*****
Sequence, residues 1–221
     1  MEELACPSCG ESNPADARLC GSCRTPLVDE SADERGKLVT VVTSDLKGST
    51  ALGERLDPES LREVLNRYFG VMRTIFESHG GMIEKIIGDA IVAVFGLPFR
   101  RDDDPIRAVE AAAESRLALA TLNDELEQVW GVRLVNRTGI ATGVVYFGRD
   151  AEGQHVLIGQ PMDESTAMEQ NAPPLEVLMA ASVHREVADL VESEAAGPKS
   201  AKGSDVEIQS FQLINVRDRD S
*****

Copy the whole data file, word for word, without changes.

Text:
Sequence, residues 1–221
     1  MEELACPSCG ESNPADARLC GSCRTPLVDE SADERGKLVT VVTSDLKGST
    51  ALGERLDPES LREVLNRYFG VMRTIFESHG GMIEKIIGDA IVAVFGLPFR
   101  RDDDPIRAVE AAAESRLALA TLNDELEQVW GVRLVNRTGI ATGVVYFGRD
   151  AEGQHVLIGQ PMDESTAMEQ NAPPLEVLMA ASVHREVADL VESEAAGPKS
   201  AKGSDVEIQS FQLINVRDRD S